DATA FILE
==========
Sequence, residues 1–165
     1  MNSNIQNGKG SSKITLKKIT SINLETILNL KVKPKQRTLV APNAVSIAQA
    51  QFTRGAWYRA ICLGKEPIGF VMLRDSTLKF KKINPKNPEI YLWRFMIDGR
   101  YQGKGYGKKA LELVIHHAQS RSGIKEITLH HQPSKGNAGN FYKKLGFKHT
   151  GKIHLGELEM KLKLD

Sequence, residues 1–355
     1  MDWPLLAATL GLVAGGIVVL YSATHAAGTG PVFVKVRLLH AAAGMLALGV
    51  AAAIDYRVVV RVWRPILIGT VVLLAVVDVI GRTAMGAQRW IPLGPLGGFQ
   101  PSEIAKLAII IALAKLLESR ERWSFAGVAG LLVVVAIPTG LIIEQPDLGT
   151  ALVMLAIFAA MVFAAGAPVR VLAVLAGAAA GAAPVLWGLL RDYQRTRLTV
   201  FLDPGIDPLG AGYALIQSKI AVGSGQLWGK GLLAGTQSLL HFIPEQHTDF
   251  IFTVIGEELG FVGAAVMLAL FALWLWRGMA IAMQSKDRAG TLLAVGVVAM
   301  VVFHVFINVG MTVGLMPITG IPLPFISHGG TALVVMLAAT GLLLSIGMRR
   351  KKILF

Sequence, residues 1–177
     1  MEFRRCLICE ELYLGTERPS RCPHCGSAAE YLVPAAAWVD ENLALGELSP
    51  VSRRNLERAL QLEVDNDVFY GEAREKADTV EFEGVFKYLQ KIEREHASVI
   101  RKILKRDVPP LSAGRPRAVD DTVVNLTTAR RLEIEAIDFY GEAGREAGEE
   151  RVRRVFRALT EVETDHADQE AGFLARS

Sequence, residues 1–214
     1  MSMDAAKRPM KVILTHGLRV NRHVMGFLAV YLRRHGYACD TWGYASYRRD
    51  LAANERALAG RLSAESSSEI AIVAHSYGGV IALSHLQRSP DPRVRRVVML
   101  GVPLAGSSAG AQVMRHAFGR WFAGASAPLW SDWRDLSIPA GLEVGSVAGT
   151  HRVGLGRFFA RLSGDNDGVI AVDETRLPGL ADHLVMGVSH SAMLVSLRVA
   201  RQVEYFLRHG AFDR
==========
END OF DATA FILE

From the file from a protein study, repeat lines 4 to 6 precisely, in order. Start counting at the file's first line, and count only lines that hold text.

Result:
   101  YQGKGYGKKA LELVIHHAQS RSGIKEITLH HQPSKGNAGN FYKKLGFKHT
   151  GKIHLGELEM KLKLD

Sequence, residues 1–355